A descriptive analysis of the variables studied was performed, calculating the frequency, central tendency and dispersion. Differences between the groups were evaluated with the χ2 test for categorical variables, and a Mann-Whitney U test was used to test continuous variables with a non-normal distribution. For all the tests, p≤0.05 was considered significant.
Two logistic regression models were set-up to analyse the association between pain and sick leave (model 1), and that between pain and the loss of employment (model 2), targeting sick leave and job loss as the dependent variable. The criteria used to select the covariates included in these models were both statistical (a significant difference observed in the bivariate analysis: p<0.05) and clinical (previously shown in the literature). In addition, to facilitate the interpretation of the model, the categories of the variables related to functional limitations, mood and the effect of CP on the individual's family were dichotomised as ‘yes’ or ‘no’. Similarly, the variable related to family support was grouped into two categories: ‘satisfied’ or ‘unsatisfied’.
General characteristics of individuals suffering from chronic pain
Of the 1543 participants interviewed (response rate 36.9%), 213 suffered from CP according to the criteria used in this study, their average age was 47.9 years (SD 10.9) and 77% of them were women. Among the individuals suffering CP, 43.4% experienced pain at multiple locations, the most common sites being the limbs and joints, and 68.5% were taking pain relief medication. The mean duration of pain was ∼9 years (SD 9.4; median 5 years: table 1) and about 70% of respondents with CP felt sad and/or anxious because of their pain, reporting that their pain affected activities such as bending down, kneeling down, squatting and sleeping (figure 1). In addition, 47.6% of those suffering CP considered that their pain affected their family environment and 22.2% reported that CP had affected the relationship with their friends. Moreover, 77% of the people were generally satisfied or very satisfied with the help received from their relatives (table 1).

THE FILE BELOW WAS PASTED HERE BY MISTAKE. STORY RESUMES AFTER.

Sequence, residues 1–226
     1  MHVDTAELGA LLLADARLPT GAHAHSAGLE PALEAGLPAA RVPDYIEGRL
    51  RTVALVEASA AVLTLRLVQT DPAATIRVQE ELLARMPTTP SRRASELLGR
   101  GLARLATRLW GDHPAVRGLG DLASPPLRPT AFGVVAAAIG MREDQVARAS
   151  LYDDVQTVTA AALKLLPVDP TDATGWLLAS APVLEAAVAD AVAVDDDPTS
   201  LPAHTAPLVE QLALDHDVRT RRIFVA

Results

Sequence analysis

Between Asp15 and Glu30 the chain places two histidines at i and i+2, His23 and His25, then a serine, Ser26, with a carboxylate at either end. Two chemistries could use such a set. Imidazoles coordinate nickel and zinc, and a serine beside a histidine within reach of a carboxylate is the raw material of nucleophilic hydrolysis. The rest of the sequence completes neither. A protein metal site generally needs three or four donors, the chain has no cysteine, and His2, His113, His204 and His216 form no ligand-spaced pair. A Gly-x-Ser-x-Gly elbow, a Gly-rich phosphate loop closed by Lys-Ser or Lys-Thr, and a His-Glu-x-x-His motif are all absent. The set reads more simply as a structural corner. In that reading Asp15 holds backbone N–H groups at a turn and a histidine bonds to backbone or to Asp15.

Characteristics of the individuals who requested sick leave and related variables
It is noteworthy that 31.6% of those respondents suffering CP reported having been on sick leave in the last year because of their CP, representing a prevalence of 4.21% of the Spanish population (95% CI 3.2% to 5.2%). This prevalence was higher in women (2.98%; 95% CI 2.1% to 3.9%) than in men (1.23%; 95% CI 0.6% to 1.8%; p=0.001), and notably, participants with a higher educational level, those with severe or unbearable pain (40.6%), and those with pain located principally in their back (32.3%) took sick leave more often (table 2). In addition, 78.5% of people who requested sick leave were taking pain relief medication, while 64.6% needed help in grooming and dressing (figure 2), and 81.5% felt sad and/or anxious because of their pain (table 2). The individuals who had taken sick leave did not appear to have experienced a deterioration in their relationship with friends, nor were they less satisfied with the level of support provided by the family, although they did perceive a greater effect of pain on their family.